Rensselaer Research Review Summer 2009
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Building a Better Protein
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George Makhatadze
José Holguín-Veras, professor of civil and environmental engineering
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What’s Under the Hood of Your Car and How You Use Also Matters

Automakers around the world continue to slowly infuse their cars and trucks with greener, more efficient technology, but researchers at Rensselaer Polytechnic Institute contend that technology alone will not solve the puzzle of sustainable transportation. Through incentives for nighttime deliveries, real-time traffic reporting, and improved safety, professors William Wallace and José Holguín-Veras are seeking to address the critical human elements of where, when, and how we drive.

“Sustainability is a multifaceted monster that we simply cannot tackle from any one single perspective. The problem is so vast, and so complex, that solving it is going to require a comprehensive, systematic, holistic approach. And at the end of the day, we’re going to have to do more with less,” said Holguín-Veras, professor of civil and environmental engineering at Rensselaer.

Efficiency Gets Lost in the Shuffle

Statistics show transportation accounts for nearly 30 percent of the total energy consumed in the United States, and up to 54 percent of emissions of different greenhouse gasses. Pair this information with Holguín-Veras’ research findings that current freight practices are highly inefficient and, on average, delivery trucks utilize only 20 percent of their cargo space – and one-fourth of trucks you see driving around are completely empty. The need for change, and the rampant waste of fuel and energy, Holguín-Veras said, are readily apparent.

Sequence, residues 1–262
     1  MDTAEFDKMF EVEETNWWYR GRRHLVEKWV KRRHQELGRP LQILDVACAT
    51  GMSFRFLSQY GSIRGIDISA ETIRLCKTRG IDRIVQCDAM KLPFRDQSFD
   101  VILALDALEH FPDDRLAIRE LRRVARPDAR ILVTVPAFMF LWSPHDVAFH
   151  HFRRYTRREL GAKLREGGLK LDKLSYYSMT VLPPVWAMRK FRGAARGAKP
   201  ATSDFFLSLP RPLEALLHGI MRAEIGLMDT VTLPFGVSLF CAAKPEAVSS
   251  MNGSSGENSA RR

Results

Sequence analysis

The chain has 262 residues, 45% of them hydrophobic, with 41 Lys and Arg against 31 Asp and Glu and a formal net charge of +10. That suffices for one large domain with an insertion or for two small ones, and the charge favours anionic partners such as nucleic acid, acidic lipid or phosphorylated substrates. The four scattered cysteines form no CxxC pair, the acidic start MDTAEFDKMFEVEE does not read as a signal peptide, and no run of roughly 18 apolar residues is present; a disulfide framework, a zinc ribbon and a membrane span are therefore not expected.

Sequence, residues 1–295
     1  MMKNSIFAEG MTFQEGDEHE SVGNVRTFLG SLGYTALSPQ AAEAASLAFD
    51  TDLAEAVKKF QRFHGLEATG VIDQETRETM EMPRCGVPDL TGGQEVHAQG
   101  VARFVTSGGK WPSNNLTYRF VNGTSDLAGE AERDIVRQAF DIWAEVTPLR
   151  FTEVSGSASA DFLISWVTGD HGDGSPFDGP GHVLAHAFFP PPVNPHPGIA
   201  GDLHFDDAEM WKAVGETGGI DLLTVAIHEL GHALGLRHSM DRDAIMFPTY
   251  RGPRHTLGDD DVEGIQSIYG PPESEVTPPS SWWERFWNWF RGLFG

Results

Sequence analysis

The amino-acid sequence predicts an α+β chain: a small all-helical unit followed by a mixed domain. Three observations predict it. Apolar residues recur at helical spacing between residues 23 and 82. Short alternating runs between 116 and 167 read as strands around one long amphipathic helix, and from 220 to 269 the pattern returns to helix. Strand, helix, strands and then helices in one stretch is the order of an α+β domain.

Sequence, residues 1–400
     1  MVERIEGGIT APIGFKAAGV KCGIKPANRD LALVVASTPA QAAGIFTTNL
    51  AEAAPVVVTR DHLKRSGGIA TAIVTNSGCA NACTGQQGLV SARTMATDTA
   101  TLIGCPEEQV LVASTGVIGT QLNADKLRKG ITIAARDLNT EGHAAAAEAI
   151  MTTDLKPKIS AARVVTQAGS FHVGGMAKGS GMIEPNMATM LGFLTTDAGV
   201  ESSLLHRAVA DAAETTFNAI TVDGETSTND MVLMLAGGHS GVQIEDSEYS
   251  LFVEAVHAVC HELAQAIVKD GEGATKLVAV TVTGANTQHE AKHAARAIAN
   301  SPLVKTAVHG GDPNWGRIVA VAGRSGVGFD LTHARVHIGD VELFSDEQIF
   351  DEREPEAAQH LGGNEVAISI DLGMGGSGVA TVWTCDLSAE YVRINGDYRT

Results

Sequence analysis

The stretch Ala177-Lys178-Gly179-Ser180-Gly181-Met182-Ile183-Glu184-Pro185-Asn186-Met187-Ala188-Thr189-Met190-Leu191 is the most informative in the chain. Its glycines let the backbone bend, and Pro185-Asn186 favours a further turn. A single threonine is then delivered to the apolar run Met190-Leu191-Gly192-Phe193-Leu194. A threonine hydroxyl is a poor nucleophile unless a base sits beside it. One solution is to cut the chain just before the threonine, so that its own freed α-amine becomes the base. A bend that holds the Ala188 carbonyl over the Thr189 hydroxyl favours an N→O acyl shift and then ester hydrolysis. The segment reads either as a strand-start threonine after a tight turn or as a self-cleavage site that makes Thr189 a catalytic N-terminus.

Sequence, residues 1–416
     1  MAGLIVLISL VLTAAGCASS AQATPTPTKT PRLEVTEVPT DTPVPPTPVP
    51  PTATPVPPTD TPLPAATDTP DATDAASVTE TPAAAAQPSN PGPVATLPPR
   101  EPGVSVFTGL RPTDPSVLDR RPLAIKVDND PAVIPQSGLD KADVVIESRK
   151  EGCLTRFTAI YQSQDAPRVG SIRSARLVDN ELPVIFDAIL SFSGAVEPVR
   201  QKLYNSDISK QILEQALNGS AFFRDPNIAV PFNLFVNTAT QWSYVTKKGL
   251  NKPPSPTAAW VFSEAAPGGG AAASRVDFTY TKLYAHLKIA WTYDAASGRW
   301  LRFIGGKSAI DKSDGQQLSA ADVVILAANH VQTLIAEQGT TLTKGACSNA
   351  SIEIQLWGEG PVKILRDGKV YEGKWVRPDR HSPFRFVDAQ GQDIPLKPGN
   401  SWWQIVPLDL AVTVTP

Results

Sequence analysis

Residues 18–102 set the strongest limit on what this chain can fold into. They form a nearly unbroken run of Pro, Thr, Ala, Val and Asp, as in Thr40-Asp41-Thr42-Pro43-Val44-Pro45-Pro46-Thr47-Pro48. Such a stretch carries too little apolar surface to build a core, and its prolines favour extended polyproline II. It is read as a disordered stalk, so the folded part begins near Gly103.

Frame these snapshots with the fact that 18 million Americans work in freight or freight-related activities, and the nation’s nine million registered midsize and large trucks deliver about $5.5 trillion worth of goods to homes and businesses every year. This complicates the equation immensely and raises the question of how to green the transportation industry and be more efficient without impacting commerce or competitiveness.

Truckers are mostly independent contractors who have virtually no say in what or where they deliver. Freight companies that hire truckers likely don’t necessarily want to send out partly filled trucks, but need to fulfill the demand of their customers, who are business owners and have their own clientele — with their own set of expectations — to worry about.

Efficiency seems to get lost in the shuffle, but Holguín-Veras said this doesn’t necessarily have to be the case.

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“Switching Gears to Greener Transportation”
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